If my eyes got knocked out of their sockets,

and the optic nerve and other “connections” were not severed, would I still be able to see? Are the “connections” long enough for me to hold my eyes with my fingers and look around?

Nope. Full retinal detachment causes blindness.

Here’s a Slate Explainer article on the topic: http://www.slate.com/id/2137959/

  • Except in comic books and cartoons.

Why do you think retinal detachment is an inevitable consequence of ocular dislocation?

A related question, how long is the optic nerve and the related blood vessels? If your eye pops out, how far would it be able to go?

barf

I don’t know, I guess I assumed it wouldn’t be too likely for the RPE to pop out. Am I wrong? I’m not a doctor, I just play one on the internet.

I read an article years back about a 1930’s race car driver whose eye popped out in a crash. A doctor lifted the hanging but unharmed eye back into it’s socket using a spoon. IIRC, the driver retained his vision.

You’ll have to push them back in
with a stick or something.

No don’t do that! You’ll end up pokin’ an… Well, I guess that’s the point.

Yes, you can find the correct stick here, right between the Stevens Tenotomy Scissors and the Tyrell Iris Hook.

Proptosis of the globe is a very common injury in dogs, especially brachycephalic dogs (pugs, shih tzus etc). Typically it involves trauma (hit by car, hanging, etc) but it can happen from exuberant restraint as well. IME, the majority of dogs retain vision if the injury is addressed quickly. Damage to the extra ocular muscles sometimes leaves the eye pointing the wrong way (strabismus), but there are procedures to fix this problem.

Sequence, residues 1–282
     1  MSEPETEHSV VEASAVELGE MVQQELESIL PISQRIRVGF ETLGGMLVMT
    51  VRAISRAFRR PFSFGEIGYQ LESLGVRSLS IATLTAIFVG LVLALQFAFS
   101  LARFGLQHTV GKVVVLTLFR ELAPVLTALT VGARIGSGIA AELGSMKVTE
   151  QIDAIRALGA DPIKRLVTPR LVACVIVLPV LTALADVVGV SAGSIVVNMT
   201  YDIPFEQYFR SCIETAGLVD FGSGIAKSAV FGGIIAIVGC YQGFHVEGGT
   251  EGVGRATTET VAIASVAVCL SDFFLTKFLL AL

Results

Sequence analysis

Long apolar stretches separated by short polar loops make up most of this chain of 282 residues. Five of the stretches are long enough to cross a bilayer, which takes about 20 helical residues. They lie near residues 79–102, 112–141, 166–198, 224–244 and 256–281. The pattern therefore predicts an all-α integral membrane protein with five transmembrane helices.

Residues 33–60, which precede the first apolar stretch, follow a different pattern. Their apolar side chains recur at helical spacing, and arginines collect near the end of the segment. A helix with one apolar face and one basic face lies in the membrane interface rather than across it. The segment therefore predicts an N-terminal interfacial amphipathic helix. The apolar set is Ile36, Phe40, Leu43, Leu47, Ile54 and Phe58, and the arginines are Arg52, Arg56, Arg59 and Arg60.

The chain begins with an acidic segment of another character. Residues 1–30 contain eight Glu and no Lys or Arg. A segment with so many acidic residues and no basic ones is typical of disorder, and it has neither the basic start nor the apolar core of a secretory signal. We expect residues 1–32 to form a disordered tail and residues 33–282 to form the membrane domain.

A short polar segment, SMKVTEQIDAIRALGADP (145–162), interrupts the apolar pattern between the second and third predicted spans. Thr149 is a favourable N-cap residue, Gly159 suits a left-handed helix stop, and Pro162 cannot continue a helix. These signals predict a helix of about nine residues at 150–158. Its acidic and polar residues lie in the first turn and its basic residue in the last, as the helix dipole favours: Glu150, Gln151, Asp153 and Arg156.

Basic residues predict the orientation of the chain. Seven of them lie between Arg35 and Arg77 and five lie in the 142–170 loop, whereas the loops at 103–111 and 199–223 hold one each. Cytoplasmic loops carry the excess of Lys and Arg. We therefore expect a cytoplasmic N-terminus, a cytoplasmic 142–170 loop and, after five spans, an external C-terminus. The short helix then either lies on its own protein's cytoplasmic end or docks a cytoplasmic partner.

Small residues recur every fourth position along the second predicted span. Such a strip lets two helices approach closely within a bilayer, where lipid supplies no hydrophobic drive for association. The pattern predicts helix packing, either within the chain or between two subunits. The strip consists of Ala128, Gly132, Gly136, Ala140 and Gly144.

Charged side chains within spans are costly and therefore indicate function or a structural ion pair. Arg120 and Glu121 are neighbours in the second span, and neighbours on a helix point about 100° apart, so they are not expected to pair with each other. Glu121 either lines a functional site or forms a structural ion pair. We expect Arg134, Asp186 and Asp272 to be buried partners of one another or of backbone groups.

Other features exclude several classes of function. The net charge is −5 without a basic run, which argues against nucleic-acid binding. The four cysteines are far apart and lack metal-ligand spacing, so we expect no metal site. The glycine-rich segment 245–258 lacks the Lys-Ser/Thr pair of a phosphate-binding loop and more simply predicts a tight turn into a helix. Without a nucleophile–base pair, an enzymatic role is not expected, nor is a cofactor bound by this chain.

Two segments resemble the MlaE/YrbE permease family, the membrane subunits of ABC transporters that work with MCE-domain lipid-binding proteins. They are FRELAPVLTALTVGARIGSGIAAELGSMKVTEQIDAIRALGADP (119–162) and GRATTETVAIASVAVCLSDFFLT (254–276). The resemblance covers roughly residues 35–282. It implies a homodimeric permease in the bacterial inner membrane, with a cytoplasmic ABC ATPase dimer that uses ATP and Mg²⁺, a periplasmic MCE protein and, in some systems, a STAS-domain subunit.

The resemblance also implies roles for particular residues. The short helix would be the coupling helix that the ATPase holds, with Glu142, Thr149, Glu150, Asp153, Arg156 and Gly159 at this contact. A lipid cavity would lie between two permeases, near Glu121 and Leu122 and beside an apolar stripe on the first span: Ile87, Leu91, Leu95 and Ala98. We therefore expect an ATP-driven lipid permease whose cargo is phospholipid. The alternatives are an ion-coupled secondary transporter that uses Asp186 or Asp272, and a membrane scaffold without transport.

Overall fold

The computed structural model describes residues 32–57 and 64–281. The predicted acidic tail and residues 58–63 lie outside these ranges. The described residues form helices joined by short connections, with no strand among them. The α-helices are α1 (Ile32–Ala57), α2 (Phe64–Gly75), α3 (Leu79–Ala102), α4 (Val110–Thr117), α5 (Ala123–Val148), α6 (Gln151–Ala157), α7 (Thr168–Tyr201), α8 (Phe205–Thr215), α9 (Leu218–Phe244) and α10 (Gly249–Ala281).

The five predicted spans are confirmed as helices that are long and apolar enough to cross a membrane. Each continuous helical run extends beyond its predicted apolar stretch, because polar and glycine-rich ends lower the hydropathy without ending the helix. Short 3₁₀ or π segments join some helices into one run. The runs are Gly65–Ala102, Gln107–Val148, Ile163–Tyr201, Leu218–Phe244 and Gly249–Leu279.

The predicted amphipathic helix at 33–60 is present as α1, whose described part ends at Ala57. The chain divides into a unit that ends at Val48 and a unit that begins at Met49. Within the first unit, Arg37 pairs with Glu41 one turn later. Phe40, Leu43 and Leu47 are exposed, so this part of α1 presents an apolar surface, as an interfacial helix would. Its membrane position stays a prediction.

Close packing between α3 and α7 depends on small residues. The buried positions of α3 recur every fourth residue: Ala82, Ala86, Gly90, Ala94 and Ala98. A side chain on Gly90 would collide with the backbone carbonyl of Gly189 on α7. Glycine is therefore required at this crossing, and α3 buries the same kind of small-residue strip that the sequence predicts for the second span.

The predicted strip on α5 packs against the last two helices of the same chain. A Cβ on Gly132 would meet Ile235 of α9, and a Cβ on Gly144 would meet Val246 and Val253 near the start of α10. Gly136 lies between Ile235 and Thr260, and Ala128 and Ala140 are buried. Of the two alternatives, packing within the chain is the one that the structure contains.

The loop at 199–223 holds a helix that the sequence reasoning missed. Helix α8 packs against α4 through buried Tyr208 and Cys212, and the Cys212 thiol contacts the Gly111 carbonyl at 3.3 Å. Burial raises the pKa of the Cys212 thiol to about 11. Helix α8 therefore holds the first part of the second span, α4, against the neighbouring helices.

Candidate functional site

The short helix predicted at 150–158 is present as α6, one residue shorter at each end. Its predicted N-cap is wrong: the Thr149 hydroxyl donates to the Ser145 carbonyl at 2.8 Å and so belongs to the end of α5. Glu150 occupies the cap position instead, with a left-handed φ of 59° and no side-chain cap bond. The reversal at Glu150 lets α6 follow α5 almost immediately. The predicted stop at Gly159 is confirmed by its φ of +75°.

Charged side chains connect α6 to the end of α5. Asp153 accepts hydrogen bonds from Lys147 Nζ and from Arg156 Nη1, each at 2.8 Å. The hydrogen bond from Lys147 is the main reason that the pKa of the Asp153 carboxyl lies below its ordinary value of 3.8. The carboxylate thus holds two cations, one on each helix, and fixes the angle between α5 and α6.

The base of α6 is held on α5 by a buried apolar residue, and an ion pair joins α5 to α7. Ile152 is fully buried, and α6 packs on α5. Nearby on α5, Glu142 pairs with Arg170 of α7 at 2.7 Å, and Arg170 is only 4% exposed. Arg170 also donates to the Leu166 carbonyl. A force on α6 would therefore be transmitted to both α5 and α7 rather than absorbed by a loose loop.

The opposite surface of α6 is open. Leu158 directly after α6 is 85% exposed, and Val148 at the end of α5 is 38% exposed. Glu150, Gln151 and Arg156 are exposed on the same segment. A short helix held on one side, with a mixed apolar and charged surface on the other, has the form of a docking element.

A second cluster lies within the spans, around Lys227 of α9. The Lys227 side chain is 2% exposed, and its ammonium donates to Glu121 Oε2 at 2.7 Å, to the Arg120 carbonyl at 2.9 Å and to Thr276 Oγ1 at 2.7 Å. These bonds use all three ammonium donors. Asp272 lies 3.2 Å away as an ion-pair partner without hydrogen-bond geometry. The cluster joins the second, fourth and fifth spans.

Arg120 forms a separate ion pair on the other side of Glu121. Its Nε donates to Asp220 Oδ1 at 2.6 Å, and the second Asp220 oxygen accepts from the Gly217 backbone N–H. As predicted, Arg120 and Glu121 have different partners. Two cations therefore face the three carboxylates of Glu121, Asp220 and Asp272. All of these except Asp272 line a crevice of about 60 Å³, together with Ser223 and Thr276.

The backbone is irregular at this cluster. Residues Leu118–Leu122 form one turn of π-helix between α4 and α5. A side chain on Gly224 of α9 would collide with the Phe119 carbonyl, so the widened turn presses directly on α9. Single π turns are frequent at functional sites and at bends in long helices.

Okay, what’s that from? I seem to remember Joe Flaherty saying that.

:eek:

Happened to my family’s Shih-Tzu while he was in a kennel over a weekend (we were on vacation). When they found him, they popped the eye back into place, and sewed his eyelids shut over that eye to protect it. A few weeks later, they removed the stitches and while he had a noticeable haze in that eye, he could see out of it. As he aged the haze got steadily worse and eventually he was probably totally blind out of that eye.

Corneas do not like dessication. Try going without blinking for 5 minutes. Keeping the cornea moist until surgical intervention happens can minimize sequelae.

Yes, but only after the eye was put back in. An eye out of it’s socket sees nothing, except perhaps some light.

Is that because it’s no longer surrounded by focusing muscles, etc.?

And other reasons, but yes.